Daniel Pink's book DRIVE served as the inspiration for our #HavPassion project. As a career analyst, Pink examines the puzzle of motivation, starting with a fact that social scientists know but most managers don't: Traditional rewards aren't always as effective as we think. Listen for illuminating stories -- and maybe, a way forward.
Good luck, have fun, and happy posting!
There are a number of ways to earn extra credit in our English class. Let's start with grammar.
It is surprising just how many grammar mistakes we pass by every day. Signs that are missing their apostrophes (or have apostrophes when they shouldn't). Newspaper articles with obvious misspellings. Advertisements littered with dangling modifiers and prepositions left to fend for themselves at the end of sentences. So why not point out these mistakes and get some extra credit in the process!
See a sign with a grammar mistake? Take a picture, email Ms. Ward with an explanation of the mistake, and she will post your pic here. We're looking for local examples here, not pictures that you pull off of a Google search or random websites. Keep it local.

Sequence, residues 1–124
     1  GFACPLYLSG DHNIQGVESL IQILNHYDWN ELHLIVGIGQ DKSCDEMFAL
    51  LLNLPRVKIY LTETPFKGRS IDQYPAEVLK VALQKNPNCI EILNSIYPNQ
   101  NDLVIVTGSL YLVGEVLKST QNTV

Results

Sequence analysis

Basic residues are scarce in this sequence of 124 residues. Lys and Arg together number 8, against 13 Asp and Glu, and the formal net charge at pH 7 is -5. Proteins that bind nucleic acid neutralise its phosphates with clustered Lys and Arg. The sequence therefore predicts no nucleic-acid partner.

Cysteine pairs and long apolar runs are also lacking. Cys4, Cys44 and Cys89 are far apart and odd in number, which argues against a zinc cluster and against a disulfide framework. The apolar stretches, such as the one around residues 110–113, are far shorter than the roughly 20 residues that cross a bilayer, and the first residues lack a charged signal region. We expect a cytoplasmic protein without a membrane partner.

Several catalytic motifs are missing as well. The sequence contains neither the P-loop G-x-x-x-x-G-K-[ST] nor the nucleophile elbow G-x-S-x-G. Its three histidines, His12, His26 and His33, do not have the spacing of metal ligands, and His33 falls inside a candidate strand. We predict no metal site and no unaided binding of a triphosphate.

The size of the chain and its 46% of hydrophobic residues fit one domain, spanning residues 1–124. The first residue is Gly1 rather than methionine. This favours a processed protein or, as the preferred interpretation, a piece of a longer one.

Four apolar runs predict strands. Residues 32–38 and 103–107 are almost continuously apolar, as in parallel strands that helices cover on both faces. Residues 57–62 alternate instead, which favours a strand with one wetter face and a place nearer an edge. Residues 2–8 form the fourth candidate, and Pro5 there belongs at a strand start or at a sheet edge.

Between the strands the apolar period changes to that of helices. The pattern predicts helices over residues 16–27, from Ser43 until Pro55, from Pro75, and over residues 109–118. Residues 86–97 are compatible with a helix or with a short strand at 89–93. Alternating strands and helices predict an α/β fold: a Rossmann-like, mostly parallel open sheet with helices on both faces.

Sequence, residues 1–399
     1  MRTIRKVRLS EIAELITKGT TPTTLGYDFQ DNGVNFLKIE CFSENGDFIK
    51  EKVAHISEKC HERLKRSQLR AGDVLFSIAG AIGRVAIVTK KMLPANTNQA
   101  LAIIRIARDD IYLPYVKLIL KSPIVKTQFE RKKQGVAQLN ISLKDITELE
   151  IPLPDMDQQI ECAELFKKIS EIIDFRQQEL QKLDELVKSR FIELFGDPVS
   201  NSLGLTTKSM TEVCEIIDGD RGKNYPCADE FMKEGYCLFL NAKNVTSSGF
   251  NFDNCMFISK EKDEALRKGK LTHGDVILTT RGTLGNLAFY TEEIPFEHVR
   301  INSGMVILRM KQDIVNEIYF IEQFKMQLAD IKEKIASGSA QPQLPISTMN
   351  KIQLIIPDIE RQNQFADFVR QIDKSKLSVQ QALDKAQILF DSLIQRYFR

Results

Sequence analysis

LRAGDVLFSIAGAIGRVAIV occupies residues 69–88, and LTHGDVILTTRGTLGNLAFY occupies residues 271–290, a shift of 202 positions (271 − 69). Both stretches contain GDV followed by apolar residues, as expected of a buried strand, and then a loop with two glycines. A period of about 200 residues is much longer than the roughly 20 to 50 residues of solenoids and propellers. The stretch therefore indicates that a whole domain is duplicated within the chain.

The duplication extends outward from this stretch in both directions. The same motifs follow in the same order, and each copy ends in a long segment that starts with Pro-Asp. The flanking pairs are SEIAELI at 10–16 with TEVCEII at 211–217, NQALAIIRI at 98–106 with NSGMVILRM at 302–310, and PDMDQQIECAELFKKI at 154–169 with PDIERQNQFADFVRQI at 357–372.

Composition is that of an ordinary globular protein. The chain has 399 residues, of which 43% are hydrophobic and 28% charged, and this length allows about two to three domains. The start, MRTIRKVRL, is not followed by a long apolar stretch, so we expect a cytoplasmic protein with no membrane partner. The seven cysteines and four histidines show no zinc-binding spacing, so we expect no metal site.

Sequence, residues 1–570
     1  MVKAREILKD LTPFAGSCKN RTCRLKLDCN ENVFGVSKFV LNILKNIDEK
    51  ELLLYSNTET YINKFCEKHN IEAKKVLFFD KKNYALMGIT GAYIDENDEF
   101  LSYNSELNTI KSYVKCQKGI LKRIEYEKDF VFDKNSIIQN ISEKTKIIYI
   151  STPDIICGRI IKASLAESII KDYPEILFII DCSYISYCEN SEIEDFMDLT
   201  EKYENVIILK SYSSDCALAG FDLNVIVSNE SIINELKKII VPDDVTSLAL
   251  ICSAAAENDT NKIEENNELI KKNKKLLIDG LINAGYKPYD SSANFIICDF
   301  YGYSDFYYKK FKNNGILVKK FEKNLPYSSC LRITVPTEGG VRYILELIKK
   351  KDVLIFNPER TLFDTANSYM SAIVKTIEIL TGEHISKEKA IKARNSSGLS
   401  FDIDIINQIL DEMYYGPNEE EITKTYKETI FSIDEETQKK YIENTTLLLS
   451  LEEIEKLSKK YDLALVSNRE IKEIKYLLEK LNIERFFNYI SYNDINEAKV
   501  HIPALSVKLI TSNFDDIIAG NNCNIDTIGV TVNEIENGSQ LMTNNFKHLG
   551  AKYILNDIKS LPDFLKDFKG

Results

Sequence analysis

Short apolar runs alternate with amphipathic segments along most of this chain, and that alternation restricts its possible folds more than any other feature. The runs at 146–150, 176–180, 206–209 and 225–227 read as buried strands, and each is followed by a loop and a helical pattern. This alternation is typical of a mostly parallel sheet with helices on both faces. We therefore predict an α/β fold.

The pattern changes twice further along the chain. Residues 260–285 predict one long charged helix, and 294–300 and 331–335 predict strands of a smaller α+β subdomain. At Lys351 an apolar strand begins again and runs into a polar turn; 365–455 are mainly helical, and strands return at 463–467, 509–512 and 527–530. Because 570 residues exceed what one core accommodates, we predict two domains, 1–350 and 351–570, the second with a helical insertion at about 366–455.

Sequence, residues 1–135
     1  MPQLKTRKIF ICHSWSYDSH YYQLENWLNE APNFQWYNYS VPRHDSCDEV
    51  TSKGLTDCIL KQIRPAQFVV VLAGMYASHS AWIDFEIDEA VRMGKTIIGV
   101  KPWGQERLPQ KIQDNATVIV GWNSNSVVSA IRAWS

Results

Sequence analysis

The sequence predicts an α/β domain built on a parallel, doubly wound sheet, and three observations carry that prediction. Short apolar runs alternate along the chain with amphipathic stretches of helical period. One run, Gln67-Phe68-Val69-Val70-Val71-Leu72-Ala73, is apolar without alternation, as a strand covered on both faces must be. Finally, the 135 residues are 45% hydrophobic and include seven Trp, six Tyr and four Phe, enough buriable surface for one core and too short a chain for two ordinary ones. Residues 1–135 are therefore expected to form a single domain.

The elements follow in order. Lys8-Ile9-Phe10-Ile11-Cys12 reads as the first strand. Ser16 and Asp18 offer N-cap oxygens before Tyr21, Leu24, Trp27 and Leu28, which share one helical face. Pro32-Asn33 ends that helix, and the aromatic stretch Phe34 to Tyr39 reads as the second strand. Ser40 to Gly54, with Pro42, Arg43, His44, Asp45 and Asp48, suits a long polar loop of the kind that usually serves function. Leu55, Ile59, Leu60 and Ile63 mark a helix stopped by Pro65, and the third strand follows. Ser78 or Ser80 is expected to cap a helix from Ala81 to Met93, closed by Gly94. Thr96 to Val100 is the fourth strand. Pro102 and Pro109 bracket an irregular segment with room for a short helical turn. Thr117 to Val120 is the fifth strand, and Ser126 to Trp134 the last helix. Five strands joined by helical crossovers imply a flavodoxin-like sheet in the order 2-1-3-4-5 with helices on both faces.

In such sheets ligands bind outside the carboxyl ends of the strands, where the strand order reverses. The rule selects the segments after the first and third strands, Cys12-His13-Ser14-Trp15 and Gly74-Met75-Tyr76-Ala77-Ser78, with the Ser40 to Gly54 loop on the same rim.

Every day there will be a new word of the day posted on our board. Use it in a sentence, find it in song lyrics, find it in a book and you'll earn a point of extra credit. Write down the sentence where you found our used the words of the day and bring it for the next class period to earn a point of extra credit.
Finally, you can earn extra credit by using our unit vocabulary words outside of class. So head into World Cultures and use our vocabulary words when you talk with Mr. McCauley. If you do, write down the sentence you said, have your teacher sign it, and you earn a point of extra credit. Find your vocabulary words in books or lyrics, and it is extra credit!
This is our space to share ideas, collaborate on projects, and reflect on the themes of our 10th grade honors English course. Adding content and sharing has never been easier! We will build the knowledge on this site together by: